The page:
I'm parking at Crossroads Park & Ride lately. The good: I'm saving gas - this is especially good since I recently saw an executive from one of the oil companies excusing every "presumption" the American consumer has about oil production and the reason for increasing gas prices. I was actually convinced for a moment - I was coaxed in by his answers that seemed to make sense. I mean, sure, why not dig deeper, open up Alaska more, for more opportunities? And of course he is for alternative fuel but he makes sense when he says that corn isn't the answer because it's a food source and that can go to people! I just don't feel qualified enough about the history around this but I need to be. It's ridiculous to me that I don't have the information I need to either really agree with him or be able to refute him.
The bad of the park and ride: having to wait for the ONE bus that comes every 1/2 hour of so that goes from UTSA (my current income source) to the park and ride. I'm not a patient woman so I work late to get to the bus stop 2 minutes before the bus is supposed to arrive only to have to wait 10 more minutes. I haven't been doing my yoga or breathing lately, or writing consistently! so, I have been a little ansy.
Another plus side: I've been reading books on the ride up and down to the University. I just finished Blindness by Jose Saramago. It took me a while to get into it, then I was completely engrossed and disgusted, then I didn't want to read any more of it, and then I was glad it was done. What turmoil! I need a light comedy after that book! The story goes that this white blindness takes over a country, leaving everyone without vision while the country stops production, falls into anarchy and its citizens become less and less human. It's a macabre work, almost as emotion producing as when you truly learn of destruction (9/11, Darfur) and see it. I haven't had a book affect me that way in awhile but alternative realities and science fiction have their base in truth and theory, in probable outcomes when looking at the world right now - and that is scary enough.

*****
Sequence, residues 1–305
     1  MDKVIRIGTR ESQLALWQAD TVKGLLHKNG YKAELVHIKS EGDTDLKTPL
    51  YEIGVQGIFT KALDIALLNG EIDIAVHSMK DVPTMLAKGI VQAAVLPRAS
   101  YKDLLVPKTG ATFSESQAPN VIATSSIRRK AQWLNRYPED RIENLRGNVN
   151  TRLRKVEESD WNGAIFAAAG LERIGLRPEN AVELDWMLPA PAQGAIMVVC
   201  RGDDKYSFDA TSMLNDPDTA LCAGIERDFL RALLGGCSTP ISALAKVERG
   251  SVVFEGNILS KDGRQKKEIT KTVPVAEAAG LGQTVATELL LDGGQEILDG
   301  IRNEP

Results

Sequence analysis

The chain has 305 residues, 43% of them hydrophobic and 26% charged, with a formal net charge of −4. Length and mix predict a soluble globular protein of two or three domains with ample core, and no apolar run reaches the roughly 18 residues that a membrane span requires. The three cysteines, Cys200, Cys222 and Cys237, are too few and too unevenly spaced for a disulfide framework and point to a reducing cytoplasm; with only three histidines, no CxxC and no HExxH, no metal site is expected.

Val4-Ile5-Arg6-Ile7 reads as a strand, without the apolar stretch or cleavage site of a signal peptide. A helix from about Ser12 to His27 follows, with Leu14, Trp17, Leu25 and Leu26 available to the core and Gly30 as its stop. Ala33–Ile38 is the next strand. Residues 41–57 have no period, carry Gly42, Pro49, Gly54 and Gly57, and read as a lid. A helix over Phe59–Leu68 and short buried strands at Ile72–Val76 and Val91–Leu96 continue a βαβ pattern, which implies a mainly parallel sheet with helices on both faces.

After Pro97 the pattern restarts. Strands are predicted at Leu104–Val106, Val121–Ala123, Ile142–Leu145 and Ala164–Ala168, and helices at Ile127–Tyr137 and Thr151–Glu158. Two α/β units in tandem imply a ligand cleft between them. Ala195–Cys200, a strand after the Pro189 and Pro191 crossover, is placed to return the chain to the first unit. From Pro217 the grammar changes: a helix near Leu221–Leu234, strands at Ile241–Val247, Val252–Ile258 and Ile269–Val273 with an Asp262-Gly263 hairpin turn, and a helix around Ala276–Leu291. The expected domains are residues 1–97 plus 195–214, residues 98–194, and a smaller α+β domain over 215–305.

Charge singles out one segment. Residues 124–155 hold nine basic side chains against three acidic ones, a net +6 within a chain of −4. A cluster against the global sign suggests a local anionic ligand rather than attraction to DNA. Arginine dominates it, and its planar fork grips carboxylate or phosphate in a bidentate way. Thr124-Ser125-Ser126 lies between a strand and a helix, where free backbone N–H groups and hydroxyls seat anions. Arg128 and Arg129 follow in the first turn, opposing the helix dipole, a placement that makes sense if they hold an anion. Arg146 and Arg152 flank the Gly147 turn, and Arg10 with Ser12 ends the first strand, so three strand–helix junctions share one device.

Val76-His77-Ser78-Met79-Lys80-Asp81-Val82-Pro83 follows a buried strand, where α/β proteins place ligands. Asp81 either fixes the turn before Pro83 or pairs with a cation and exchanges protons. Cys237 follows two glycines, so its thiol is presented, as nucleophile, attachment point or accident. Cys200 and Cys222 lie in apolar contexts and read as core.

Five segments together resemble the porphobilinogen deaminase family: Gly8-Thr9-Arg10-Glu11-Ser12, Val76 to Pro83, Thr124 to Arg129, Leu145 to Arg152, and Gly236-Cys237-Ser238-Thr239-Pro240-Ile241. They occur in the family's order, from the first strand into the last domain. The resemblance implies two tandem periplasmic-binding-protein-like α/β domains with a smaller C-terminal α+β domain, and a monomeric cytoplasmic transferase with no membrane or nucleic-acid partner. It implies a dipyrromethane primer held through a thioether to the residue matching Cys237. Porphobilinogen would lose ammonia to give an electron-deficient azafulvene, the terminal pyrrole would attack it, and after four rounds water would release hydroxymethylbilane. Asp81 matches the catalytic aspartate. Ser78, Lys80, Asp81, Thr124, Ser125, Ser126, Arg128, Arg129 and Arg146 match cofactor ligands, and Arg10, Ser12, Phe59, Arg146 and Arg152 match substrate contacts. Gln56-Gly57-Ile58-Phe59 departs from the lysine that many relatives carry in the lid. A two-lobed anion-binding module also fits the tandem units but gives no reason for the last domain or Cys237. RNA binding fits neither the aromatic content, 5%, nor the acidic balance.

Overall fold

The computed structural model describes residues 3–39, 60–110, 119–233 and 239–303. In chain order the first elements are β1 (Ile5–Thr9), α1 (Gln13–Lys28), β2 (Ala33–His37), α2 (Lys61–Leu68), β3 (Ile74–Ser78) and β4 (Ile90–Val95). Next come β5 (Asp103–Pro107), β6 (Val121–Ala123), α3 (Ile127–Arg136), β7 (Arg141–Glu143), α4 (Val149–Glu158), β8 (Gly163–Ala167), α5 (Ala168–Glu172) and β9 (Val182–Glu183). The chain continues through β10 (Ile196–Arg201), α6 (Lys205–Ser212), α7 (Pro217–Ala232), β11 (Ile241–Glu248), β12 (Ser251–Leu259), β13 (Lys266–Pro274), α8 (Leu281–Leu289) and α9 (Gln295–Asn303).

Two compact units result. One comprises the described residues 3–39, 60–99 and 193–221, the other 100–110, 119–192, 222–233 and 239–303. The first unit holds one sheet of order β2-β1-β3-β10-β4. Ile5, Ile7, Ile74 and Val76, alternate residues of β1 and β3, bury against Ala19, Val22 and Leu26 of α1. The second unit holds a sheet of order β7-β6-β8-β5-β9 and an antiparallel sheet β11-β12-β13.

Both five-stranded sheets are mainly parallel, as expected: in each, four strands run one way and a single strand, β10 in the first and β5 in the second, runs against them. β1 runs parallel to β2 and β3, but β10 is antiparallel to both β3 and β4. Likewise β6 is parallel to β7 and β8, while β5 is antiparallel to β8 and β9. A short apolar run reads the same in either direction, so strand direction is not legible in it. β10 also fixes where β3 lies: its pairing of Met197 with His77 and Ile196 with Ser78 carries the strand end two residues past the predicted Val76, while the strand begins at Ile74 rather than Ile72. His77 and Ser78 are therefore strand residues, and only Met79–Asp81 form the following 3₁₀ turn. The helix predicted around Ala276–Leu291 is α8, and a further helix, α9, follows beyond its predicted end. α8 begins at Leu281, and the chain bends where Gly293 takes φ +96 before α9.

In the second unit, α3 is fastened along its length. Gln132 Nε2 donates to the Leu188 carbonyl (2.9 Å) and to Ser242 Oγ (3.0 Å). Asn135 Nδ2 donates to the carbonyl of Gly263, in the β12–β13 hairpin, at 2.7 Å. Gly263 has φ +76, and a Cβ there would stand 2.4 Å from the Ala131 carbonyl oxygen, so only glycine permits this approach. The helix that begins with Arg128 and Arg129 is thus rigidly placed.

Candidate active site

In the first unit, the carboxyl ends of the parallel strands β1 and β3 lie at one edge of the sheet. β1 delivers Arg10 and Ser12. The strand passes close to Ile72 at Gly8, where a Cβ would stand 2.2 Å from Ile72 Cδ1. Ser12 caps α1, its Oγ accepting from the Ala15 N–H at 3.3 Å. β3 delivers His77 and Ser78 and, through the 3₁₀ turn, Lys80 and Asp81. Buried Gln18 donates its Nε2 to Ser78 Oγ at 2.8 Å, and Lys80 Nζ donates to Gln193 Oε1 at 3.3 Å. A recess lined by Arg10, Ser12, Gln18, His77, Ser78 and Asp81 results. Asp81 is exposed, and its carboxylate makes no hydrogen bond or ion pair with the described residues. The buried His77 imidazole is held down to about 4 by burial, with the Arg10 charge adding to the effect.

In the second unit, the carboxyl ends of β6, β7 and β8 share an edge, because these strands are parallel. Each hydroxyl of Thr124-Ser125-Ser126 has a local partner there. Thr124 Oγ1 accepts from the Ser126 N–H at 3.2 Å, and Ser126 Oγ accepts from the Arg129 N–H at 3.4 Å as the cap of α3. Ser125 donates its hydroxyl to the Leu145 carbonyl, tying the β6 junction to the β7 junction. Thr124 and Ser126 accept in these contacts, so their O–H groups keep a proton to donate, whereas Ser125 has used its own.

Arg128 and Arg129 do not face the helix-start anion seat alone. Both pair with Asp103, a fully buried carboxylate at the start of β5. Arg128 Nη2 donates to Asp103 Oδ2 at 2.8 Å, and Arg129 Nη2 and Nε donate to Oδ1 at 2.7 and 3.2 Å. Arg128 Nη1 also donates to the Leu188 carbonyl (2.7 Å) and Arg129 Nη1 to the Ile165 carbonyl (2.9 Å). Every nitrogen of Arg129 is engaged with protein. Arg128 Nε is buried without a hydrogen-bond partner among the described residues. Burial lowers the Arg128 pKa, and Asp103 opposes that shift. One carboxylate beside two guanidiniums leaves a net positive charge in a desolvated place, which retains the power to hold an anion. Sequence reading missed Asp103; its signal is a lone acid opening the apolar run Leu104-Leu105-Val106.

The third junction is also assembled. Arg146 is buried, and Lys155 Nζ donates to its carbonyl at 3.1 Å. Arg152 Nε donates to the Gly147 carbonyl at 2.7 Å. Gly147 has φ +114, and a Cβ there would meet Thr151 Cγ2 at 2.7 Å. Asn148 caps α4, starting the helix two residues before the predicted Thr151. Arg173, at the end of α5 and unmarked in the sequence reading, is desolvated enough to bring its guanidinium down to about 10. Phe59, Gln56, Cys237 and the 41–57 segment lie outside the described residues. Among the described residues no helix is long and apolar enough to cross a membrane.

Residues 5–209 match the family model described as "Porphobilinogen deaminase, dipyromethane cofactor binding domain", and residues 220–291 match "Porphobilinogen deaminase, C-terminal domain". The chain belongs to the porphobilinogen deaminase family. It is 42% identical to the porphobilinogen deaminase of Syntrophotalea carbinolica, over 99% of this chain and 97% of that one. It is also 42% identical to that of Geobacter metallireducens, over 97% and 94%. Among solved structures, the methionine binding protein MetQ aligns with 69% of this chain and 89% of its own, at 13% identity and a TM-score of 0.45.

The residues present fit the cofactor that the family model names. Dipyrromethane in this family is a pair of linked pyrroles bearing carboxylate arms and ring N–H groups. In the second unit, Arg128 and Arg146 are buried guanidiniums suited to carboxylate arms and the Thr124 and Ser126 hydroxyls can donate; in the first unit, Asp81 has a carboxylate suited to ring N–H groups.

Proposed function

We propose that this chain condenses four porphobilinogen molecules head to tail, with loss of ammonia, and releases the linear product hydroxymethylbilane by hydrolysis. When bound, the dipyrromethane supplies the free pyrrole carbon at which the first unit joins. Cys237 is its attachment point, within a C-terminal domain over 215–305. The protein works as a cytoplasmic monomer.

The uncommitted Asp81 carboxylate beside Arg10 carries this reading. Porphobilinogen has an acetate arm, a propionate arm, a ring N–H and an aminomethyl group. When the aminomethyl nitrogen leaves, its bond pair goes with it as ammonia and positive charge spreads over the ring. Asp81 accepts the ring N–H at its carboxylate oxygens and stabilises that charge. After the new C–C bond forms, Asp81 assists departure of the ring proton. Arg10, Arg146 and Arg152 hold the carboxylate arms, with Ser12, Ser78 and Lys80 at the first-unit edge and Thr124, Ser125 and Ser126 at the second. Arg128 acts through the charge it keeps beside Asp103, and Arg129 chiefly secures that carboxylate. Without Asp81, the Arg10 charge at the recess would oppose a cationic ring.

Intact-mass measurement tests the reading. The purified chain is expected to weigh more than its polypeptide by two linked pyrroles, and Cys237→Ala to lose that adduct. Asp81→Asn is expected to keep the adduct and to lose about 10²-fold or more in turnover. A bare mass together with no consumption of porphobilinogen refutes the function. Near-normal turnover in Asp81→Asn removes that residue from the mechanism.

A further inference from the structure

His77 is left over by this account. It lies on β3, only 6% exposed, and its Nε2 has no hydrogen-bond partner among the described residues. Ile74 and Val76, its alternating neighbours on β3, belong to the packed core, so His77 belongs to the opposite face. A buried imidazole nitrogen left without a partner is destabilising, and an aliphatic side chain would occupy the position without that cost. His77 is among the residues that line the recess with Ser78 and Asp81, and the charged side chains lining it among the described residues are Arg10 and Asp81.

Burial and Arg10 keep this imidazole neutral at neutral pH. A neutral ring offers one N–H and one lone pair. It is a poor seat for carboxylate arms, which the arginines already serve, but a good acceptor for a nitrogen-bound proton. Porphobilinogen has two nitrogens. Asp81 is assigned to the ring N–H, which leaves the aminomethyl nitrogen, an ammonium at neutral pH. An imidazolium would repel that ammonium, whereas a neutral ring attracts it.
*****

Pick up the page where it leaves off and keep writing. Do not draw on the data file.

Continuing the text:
I think, as a writer, it's curious that the book shows a writer who, with blank paper and a ball point pen, manages to write his and his family's story, despite blindness, and likes ballpoint pens because he can feel where the marks are. It is also sad that he quietly dismisses his own story as not as valuable as that of the main narrator and the group of people she is saving because the narrator is the one person who can still see and, among her group, are those who were the first to be blinded.
More later. I'm still processing.